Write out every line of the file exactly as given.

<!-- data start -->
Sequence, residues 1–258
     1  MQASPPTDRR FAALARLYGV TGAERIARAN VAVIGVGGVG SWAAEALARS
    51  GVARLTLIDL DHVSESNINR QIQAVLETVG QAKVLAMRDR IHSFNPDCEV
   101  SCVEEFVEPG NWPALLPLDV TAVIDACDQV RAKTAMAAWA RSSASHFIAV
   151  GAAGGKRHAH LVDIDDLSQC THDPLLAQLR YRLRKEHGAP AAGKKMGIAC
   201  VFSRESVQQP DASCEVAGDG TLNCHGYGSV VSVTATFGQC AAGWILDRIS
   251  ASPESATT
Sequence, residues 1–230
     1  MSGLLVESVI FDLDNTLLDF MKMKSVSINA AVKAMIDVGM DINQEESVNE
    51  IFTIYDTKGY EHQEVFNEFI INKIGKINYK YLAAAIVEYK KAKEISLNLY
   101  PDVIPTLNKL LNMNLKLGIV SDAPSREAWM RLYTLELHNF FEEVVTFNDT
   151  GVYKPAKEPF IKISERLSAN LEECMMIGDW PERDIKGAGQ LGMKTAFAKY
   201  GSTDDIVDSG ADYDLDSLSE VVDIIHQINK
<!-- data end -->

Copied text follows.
Sequence, residues 1–258
     1  MQASPPTDRR FAALARLYGV TGAERIARAN VAVIGVGGVG SWAAEALARS
    51  GVARLTLIDL DHVSESNINR QIQAVLETVG QAKVLAMRDR IHSFNPDCEV
   101  SCVEEFVEPG NWPALLPLDV TAVIDACDQV RAKTAMAAWA RSSASHFIAV
   151  GAAGGKRHAH LVDIDDLSQC THDPLLAQLR YRLRKEHGAP AAGKKMGIAC
   201  VFSRESVQQP DASCEVAGDG TLNCHGYGSV VSVTATFGQC AAGWILDRIS
   251  ASPESATT
Sequence, residues 1–230
     1  MSGLLVESVI FDLDNTLLDF MKMKSVSINA AVKAMIDVGM DINQEESVNE
    51  IFTIYDTKGY EHQEVFNEFI INKIGKINYK YLAAAIVEYK KAKEISLNLY
   101  PDVIPTLNKL LNMNLKLGIV SDAPSREAWM RLYTLELHNF FEEVVTFNDT
   151  GVYKPAKEPF IKISERLSAN LEECMMIGDW PERDIKGAGQ LGMKTAFAKY
   201  GSTDDIVDSG ADYDLDSLSE VVDIIHQINK